The Last Plague book cover

Teaching and research symbiosis: Associate Professor Mark Humphries

We are often asked to explain how our historical research informs our teaching and how our teaching influences our research. In this column we showcase one of the many examples from Laurier’s History department where our teaching and research intersect.

Associate Professor Mark Humphries holds the Dunkley Chair in War and the Canadian Experience and serves as the director of the Laurier Centre for Military Strategic and Disarmament Studies; he also teaches at both the undergraduate and graduate level in the History department.

This year he taught a new second-year course entitled “Plagues and Pestilence,” which examined the history of epidemic disease and public health responses, from the Black Death in the ancient and medieval periods to the eradication of smallpox in the 1970s. Taking a thematic approach, the course focused especially on the patient experience of disease and the ways in which health professionals, the state, and ordinary people tried to mobilize to protect themselves from history’s most virulent plagues. This course grew out of one of Humphries’ major research interests, which also include Canadian military and social history of the 20th century.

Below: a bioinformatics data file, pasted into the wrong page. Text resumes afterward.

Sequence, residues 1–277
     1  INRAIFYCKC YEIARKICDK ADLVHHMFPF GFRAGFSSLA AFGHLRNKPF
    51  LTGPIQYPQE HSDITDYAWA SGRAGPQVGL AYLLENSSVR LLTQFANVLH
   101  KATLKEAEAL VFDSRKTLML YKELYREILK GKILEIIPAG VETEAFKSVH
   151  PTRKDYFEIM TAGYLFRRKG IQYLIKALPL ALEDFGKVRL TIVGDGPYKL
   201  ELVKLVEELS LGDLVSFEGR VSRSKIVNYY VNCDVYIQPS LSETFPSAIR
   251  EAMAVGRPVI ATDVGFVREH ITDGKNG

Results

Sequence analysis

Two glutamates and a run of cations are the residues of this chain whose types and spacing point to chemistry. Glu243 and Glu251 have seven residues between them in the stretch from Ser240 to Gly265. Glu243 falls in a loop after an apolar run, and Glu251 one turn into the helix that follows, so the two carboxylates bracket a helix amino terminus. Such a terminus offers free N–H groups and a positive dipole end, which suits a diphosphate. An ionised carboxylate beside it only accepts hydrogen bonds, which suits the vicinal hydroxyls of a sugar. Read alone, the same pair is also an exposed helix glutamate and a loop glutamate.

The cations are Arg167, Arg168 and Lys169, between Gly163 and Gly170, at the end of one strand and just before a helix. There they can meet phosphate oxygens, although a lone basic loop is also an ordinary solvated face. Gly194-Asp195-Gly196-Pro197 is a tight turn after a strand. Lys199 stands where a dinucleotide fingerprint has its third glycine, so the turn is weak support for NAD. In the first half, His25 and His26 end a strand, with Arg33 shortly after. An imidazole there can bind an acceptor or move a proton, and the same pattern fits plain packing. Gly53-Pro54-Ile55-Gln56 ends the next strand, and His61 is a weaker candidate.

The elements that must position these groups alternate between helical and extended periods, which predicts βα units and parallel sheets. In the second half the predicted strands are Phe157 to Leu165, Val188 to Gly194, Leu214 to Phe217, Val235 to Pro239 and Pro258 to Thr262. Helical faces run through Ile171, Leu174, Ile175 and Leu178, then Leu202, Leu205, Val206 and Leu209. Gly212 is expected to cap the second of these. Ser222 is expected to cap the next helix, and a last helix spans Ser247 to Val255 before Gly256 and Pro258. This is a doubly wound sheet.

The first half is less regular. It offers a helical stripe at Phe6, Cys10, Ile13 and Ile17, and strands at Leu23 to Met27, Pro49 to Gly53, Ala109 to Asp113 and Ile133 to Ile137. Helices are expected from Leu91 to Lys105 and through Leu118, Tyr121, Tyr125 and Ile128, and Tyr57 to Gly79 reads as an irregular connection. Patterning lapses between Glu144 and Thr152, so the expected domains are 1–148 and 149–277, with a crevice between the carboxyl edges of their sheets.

As a historian of medicine and public health, he has established himself as a leading expert on the greatest plague of the 20th century, the so-called “Spanish Flu” of 1918, which killed more people worldwide than died in the Great War. His scholarly reputation on this topic is based upon four published papers in academic journals and books, as well as his own book: The Last Plague: Spanish Influenza and the Politics of Public Health in Canada, Toronto (University of Toronto Press, 2013, 323 pp).

As a book reviewer for the Canadian Bulletin of Medical History has stated, “Humphries makes a significant contribution to scholarship of the 1918 influenza epidemic in Canada with this book, a fine example of the masterful harnessing of primary sources and statistics to debunk old narratives and present refreshing new perspectives.” And a reviewer for the journal Canada’s History commented that “This fine book chillingly dissects the disease as it burned through Canada, as well as the failed attempts by authorities to stop it.”

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